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History at Iowa was history at Duke for Mark Moyar

The University of Iowa's history department and Duke's history department have a couple of things in common. Both have made national news because neither has a Republican faculty member. And both rejected the application of Mark Moyar, a highly qualified historian and a Republican, for a faculty appointment.

Moyar graduated first in the history department at Harvard; his revised senior thesis was published as a book and sold more copies than an average history professor ever sells. After earning a Ph.D. from Cambridge University in England, he published his dissertation as "Triumph Forsaken: The Vietnam War, 1954-1965" with Cambridge University Press, which has received even more attention and praise.

Moyar's views of Vietnam are controversial and have garnered scorn and abuse from liberal historians, including the department chair at the University of Iowa, Colin Gordon. Moyar revealed on his resume that he is a member of the National Association of Scholars, a group generally to the right of the normal academic organization. Gordon and his colleagues at Iowa were undoubtedly aware of Moyar's conservative leaning and historical view.

Moyar is undoubtedly qualified. He is unquestionably diverse; his views are antithetical to many of the Iowa professors' views. Yet the Iowa department hired someone who had neither received degrees from institutions similar to Cambridge and Harvard nor published a book despite having completed graduate school eight years earlier (history scholars are expected to publish books within approximately six years of finishing their doctorates).

In the Iowa history department there are 27 Democrats and zero Republicans. The Iowa hiring guidelines mandate that search committees "assess ways the applicants will bring rich experiences, diverse backgrounds and ideology to the university community." After seeking a freedom of information disclosure, Moyar learned that the Iowa history department had, in fact, not complied with the hiring manual. It seemed that Moyar was rejected for his political and historical stands.

Maybe it was an unlikely aberration. But Moyar told the Duke College Republicans earlier this fall that he is skeptical because an application of his a few years ago at Duke for a history professorship progressed in much the same way it proceeded in Iowa.

After Moyar did not receive an interview he asked Professor Alex Roland, head of the Duke search committee, why his qualifications did not at least merit an interview. Roland replied in an e-mail obtained by the Duke College Republicans that, "Each of the committee members attempted to balance scholarship, teaching experience and/or potential, programmatic issues, fit with the department, and other issues in reaching their decisions. I cannot summarize how those played out for each committee member in your case."

Roland provided nothing specific; Moyar was baffled that someone with his qualifications could be rejected without any reasons given. He asked Roland again why his application was rejected despite the fact that Moyar would have replaced a professor with a similar research interest. Roland stated simply that the process was confidential.

Duke's history department rejected Moyar in Spring 2004 and granted the position to a historian who has not published a book, even today, three years after the appointment.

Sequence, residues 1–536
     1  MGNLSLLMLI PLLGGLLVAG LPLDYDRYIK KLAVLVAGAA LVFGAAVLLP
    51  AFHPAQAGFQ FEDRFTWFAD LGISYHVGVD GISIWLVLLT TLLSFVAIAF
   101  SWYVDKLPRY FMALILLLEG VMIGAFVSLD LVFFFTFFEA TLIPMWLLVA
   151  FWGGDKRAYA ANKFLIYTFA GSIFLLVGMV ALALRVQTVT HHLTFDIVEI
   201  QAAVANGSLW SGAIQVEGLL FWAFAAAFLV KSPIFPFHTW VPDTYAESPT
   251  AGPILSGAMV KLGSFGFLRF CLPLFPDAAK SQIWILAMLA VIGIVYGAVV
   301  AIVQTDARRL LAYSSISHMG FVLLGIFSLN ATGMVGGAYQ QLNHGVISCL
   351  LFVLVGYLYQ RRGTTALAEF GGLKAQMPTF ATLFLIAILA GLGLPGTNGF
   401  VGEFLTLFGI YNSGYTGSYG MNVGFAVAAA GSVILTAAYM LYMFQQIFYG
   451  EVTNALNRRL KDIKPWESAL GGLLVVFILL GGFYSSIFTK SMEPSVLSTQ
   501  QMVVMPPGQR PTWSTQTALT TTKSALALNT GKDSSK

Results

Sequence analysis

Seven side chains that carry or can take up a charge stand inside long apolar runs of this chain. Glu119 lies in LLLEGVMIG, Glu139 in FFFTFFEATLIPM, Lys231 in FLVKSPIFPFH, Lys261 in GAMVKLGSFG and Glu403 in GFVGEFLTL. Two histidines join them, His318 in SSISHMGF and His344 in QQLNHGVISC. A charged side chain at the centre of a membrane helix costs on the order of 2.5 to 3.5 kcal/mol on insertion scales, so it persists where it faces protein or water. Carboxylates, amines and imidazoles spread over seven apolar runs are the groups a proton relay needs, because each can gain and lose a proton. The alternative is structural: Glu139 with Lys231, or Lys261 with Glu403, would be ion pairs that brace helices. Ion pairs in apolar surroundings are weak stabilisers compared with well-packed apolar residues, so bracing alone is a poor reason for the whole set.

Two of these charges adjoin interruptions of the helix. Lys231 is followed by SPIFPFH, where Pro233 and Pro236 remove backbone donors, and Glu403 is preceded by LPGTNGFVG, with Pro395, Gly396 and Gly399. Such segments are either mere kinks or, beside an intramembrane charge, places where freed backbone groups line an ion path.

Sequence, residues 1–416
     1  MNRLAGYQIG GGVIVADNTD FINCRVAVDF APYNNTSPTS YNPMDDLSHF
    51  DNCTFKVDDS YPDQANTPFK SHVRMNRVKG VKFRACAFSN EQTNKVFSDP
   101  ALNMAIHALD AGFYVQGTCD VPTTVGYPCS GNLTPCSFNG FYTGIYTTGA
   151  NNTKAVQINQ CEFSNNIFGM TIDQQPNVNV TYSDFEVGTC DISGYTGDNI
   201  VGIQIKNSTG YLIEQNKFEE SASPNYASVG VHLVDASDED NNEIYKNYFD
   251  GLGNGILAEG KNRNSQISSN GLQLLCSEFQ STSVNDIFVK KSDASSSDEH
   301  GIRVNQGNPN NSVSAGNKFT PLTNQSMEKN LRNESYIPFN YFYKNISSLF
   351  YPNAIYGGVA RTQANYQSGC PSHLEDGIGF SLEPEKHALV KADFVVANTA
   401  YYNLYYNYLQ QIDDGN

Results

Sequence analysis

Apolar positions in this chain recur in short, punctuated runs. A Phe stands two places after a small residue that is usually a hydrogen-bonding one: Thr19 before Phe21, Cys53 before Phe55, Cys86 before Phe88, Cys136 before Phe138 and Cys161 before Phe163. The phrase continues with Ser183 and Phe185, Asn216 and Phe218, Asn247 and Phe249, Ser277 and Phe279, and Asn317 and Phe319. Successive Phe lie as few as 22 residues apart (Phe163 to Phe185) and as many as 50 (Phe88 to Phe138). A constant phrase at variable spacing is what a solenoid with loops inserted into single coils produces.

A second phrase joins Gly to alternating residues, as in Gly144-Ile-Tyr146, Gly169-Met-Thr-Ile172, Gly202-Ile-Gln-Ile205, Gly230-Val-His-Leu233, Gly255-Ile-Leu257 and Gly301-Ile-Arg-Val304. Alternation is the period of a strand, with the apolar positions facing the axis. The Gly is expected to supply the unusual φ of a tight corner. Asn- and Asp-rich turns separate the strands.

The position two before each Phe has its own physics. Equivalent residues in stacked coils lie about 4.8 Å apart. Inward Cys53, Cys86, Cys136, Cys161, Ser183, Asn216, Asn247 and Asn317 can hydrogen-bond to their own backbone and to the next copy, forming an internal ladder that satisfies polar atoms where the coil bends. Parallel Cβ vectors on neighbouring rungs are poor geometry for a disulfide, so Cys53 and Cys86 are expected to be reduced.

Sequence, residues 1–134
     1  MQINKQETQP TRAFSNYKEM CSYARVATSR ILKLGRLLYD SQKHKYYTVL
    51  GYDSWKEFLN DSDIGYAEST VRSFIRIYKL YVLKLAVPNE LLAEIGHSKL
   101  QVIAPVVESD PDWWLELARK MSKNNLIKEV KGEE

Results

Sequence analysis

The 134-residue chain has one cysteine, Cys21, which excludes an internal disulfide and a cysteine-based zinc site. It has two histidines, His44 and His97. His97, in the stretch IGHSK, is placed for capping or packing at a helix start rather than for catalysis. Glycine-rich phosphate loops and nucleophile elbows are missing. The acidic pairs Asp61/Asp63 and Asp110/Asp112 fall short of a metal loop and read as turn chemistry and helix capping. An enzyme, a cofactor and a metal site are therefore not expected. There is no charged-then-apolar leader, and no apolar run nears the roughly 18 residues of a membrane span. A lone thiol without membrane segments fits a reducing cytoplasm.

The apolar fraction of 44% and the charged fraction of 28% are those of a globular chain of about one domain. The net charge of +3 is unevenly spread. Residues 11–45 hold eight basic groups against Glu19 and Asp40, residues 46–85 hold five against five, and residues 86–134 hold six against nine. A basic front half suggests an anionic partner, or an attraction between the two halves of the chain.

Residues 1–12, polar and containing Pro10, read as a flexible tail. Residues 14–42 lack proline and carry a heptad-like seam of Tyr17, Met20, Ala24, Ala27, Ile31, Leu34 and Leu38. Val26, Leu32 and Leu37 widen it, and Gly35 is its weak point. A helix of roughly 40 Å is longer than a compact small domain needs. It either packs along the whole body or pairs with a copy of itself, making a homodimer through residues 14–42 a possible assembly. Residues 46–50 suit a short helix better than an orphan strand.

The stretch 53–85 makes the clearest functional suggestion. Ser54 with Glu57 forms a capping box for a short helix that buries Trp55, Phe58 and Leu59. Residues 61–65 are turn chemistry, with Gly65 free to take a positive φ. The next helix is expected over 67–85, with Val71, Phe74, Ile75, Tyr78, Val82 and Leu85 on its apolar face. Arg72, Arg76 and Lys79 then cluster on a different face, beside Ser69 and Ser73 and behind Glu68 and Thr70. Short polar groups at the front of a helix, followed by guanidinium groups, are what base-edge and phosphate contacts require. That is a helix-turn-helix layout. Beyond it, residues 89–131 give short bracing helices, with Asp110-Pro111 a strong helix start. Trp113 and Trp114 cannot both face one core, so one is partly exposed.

Moyar was nonplussed, needless to say.

The Duke Conservative Union revealed in 2004 that the Duke history department had 32 registered Democrats and zero registered Republicans. John Thompson, the history department chair, blithely told The Chronicle in February 2004, "The interesting thing about the United States is that the political spectrum is very narrow," implying that political affiliation is relatively trivial. According to Michael Munger, a political science professor at Duke, Duke faculty remarked in a Duke-sponsored panel in 2004 that, "Asking history to hire a conservative is exactly like asking biology to hire a creationist."

Moyar learned of the information about party affiliation among Duke faculty and suspected that it had something to do with his rejection. He voiced his concerns in a letter to Nannerl Keohane, who was then president of Duke. Keohane told Provost Peter Lange to look into the matter.

Moyar said that Lange set up an inquiry, which proceeded privately for five months. Moyar said he received a short message from Lange saying that the history department's search had been correctly carried out. Moyar asked for a more detailed account of Lange's inquiry, Moyar said the request remains unanswered.

The lacrosse scandal received and still receives incessant public and private attention. But the hiring debacle was passed over in relative silence.

Keohane stated around that same time, "One of the fundamental tenets of our University is that we provide an environment where multiple views can be raised."

Not too many Republican views, it seems.

I for one have had teachers I know are left-wing. Yet never have I had teachers tendentious, unfair or inappropriate in their behavior, although others reportedly have. The problem here seems institutional. When-according to Munger-in at least one case a Duke department chair has said, "The function of Duke [is] to rid conservative students of their hypocrisies," there is something not quite right.

Seven Duke professors have signed onto Historians Against the War, a group that expressly implores other historians to publicly denounce the war. Perhaps professors are willing to tolerate conservative students, but it is clear that faculty members are expected to conform to a political standard.

Wheeler Frost is a Trinity sophomore and vice chair of Duke College Republicans.


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